I would think such a clause would be highly unusual. As someone who has been a contractor, I have signed contracts saying the client could direct me to not use some of my employees on their projects, that I had to drug / background test employees, etc. That’s as far as I would let a client dictate my relationships with my employees. I would never let them dictate how I negotiated (remember – a CBA IS negotiated) my collective bargaining agreement with the union, its terms, or other aspects of the employer / employee relationship.

      The County should stay the hell out of the relationship as long as Forsythe is performing their contractually required duties. While it is unusual to have so many trainees on the job at once, having trainee bus drivers is almost certainly contemplated by the agreement (and by common sense) and doesn’t likely rise to the level of providing inadequate service.

      • JammingEcono

        I see your point EG, but I think expecting a hands-off approach only works to a point.

        For example, should citizens care if Forsythe performs their contractually required duties perfectly but pays their drivers minimum wage, give them crappy benefits, and fail to negotiate in good faith with the union?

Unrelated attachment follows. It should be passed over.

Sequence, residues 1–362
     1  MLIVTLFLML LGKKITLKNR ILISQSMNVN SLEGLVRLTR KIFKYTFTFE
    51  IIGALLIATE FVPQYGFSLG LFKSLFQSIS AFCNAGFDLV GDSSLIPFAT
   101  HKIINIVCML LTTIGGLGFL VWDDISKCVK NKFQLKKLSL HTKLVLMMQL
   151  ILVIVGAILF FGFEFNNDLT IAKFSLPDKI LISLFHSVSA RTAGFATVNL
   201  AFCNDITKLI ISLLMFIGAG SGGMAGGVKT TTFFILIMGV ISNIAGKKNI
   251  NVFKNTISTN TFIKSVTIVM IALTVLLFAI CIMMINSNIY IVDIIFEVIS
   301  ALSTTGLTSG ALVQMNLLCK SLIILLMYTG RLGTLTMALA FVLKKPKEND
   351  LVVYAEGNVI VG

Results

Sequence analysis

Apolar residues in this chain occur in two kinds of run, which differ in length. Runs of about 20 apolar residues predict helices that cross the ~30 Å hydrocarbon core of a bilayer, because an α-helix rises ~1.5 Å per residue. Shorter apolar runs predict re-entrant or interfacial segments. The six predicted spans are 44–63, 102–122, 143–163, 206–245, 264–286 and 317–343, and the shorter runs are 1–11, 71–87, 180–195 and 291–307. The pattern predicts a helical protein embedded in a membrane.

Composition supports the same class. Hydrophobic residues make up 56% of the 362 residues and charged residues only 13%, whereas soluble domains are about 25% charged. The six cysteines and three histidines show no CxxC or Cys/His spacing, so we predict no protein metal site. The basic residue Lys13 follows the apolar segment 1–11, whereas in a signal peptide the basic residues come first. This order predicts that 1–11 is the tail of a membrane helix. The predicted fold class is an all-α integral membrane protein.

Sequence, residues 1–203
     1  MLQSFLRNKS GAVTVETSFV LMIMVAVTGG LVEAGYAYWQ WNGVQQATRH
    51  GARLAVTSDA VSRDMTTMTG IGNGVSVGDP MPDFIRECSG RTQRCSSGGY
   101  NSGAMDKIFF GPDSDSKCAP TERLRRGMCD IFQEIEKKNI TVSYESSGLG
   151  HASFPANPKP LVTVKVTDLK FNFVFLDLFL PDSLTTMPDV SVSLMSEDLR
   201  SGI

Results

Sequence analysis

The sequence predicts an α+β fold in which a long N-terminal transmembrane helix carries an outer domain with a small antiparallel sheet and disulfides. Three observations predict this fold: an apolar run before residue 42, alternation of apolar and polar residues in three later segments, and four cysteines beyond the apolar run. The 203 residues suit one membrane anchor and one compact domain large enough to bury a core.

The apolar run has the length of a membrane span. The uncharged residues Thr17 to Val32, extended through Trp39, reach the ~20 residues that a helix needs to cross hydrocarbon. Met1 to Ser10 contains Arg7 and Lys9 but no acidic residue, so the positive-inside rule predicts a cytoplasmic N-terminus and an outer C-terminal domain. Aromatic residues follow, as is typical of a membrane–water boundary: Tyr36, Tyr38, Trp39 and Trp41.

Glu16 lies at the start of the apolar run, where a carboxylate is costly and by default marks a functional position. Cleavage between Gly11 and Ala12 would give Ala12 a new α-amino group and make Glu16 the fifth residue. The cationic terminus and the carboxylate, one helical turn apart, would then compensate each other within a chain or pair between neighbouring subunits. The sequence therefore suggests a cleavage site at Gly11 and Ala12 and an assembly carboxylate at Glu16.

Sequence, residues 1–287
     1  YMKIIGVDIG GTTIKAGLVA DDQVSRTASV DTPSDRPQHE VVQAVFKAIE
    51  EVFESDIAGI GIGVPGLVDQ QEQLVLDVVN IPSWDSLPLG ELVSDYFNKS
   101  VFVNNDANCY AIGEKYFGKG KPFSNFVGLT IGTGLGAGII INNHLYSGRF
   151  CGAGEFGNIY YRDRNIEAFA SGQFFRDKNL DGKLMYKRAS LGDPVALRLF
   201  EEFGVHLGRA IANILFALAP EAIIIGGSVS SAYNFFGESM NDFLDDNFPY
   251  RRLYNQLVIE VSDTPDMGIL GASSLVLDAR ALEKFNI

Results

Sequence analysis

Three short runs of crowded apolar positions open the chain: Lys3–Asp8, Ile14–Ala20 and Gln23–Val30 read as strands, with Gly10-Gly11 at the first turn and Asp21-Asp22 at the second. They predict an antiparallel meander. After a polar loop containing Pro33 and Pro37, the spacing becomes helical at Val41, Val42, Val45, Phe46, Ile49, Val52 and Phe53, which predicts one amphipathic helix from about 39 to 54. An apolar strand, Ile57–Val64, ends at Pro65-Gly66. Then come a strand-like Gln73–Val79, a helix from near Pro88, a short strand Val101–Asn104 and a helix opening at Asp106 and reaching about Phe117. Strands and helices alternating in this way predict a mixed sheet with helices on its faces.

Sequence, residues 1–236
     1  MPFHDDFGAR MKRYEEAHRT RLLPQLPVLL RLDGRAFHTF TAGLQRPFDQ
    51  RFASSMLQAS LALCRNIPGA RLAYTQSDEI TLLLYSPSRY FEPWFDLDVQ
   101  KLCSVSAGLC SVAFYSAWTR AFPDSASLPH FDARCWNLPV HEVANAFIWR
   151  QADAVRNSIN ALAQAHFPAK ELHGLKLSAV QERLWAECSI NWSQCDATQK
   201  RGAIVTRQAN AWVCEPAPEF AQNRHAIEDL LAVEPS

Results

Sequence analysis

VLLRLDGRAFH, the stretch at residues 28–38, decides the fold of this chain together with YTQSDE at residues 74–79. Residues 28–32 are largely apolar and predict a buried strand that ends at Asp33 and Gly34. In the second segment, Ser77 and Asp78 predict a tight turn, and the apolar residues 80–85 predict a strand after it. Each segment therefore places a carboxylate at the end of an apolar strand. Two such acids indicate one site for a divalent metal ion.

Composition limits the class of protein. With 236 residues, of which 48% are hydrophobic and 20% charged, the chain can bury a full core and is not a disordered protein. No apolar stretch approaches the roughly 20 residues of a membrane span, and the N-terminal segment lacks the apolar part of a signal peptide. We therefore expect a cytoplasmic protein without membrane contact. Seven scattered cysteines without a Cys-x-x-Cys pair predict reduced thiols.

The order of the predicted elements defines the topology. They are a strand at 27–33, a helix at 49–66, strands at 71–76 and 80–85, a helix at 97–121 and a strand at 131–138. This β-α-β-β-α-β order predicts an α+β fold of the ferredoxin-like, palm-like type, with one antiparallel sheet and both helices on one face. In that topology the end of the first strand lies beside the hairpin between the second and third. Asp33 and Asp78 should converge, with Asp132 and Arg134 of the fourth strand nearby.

The correct answer is that it’s a matter of opinion. It would certainly be legal for Forsythe to do so, but not necessarily ethical or reflective of what many (and, I would venture to guess, a majority of) Arlingtonians would want.

        If enough citizens care enough about the working conditions of County contractors then it’s entirely appropriate for the County to get involved. Do I think that will happen in this case? No, but I think it’s entirely appropriate for our elected officials to use their best judgement about what citizens want re: working conditions for County contractors and to let that influence their negotiations in the new contract with Forsythe. That’s why I’m pleased as punch (among other reasons) to live in County that has a living wage requirement for County contractors.

        Are there folks out there (and more specifically in this comment thread) who disagree? Certainly. Is 100% agreement required to get things done in a democratic society? Nope.

  • Josh S

    Awesome. Something completely unrelated, I don’t know who you are, but I love you.

  • Josh S

    OH COME ON!!

  • John Andre

    Actually the fired drivers have the right to sue and prove sexual harassment which is FORBIDDEN by Federal law irrespective of state right-to-work law.

  • bus rider

    So this morning one of the new scab drivers runs up on the curb right next to a hydrant. The instructor tries to carefully move it, but ends up scraping it. The bus has to sit there for fear that the hydrant will be damaged, or hit a fuel line. Way to go, Forsythe. Could have just let the drivers go to the bathroom every once in a while.